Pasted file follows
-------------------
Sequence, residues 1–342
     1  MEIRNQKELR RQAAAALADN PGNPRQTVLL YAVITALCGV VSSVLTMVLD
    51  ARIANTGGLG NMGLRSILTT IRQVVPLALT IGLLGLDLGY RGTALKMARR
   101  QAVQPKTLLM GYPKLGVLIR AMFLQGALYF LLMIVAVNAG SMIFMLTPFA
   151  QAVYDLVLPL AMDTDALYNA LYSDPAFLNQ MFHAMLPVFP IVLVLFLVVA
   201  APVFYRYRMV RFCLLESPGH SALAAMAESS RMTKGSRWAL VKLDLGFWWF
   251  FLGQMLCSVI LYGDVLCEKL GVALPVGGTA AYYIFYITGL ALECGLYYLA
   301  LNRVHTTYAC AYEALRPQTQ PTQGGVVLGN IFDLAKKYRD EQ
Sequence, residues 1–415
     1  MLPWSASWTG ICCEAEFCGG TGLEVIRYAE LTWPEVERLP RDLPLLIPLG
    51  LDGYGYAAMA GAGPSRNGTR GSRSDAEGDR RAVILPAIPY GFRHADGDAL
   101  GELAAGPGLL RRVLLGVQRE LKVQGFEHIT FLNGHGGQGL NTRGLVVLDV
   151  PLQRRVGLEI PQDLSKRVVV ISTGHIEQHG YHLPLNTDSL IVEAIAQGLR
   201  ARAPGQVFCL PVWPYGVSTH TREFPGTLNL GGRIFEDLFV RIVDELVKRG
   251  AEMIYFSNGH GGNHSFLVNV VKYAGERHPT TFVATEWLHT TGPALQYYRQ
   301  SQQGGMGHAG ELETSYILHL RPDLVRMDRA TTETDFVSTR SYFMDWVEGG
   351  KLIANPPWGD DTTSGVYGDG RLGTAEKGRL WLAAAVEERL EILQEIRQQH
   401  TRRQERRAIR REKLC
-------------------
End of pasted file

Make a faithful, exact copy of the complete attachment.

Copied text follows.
Sequence, residues 1–342
     1  MEIRNQKELR RQAAAALADN PGNPRQTVLL YAVITALCGV VSSVLTMVLD
    51  ARIANTGGLG NMGLRSILTT IRQVVPLALT IGLLGLDLGY RGTALKMARR
   101  QAVQPKTLLM GYPKLGVLIR AMFLQGALYF LLMIVAVNAG SMIFMLTPFA
   151  QAVYDLVLPL AMDTDALYNA LYSDPAFLNQ MFHAMLPVFP IVLVLFLVVA
   201  APVFYRYRMV RFCLLESPGH SALAAMAESS RMTKGSRWAL VKLDLGFWWF
   251  FLGQMLCSVI LYGDVLCEKL GVALPVGGTA AYYIFYITGL ALECGLYYLA
   301  LNRVHTTYAC AYEALRPQTQ PTQGGVVLGN IFDLAKKYRD EQ
Sequence, residues 1–415
     1  MLPWSASWTG ICCEAEFCGG TGLEVIRYAE LTWPEVERLP RDLPLLIPLG
    51  LDGYGYAAMA GAGPSRNGTR GSRSDAEGDR RAVILPAIPY GFRHADGDAL
   101  GELAAGPGLL RRVLLGVQRE LKVQGFEHIT FLNGHGGQGL NTRGLVVLDV
   151  PLQRRVGLEI PQDLSKRVVV ISTGHIEQHG YHLPLNTDSL IVEAIAQGLR
   201  ARAPGQVFCL PVWPYGVSTH TREFPGTLNL GGRIFEDLFV RIVDELVKRG
   251  AEMIYFSNGH GGNHSFLVNV VKYAGERHPT TFVATEWLHT TGPALQYYRQ
   301  SQQGGMGHAG ELETSYILHL RPDLVRMDRA TTETDFVSTR SYFMDWVEGG
   351  KLIANPPWGD DTTSGVYGDG RLGTAEKGRL WLAAAVEERL EILQEIRQQH
   401  TRRQERRAIR REKLC